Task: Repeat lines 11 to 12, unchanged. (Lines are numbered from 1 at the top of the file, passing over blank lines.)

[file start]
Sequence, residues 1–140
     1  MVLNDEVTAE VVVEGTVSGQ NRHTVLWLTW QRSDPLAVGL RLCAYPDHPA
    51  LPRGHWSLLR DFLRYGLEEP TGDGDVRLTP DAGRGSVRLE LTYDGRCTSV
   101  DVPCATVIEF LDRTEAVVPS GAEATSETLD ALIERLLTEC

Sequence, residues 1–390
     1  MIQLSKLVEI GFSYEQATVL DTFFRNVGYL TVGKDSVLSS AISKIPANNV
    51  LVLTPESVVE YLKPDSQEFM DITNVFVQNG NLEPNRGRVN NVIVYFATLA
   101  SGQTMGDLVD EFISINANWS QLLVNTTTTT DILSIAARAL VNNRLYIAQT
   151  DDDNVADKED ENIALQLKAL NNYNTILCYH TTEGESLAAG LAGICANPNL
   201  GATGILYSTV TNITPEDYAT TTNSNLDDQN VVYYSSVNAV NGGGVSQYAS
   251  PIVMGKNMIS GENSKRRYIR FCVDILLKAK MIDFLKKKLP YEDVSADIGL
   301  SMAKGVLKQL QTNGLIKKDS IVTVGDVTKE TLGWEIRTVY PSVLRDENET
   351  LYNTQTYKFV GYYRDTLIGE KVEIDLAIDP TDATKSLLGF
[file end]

   251  PIVMGKNMIS GENSKRRYIR FCVDILLKAK MIDFLKKKLP YEDVSADIGL
   301  SMAKGVLKQL QTNGLIKKDS IVTVGDVTKE TLGWEIRTVY PSVLRDENET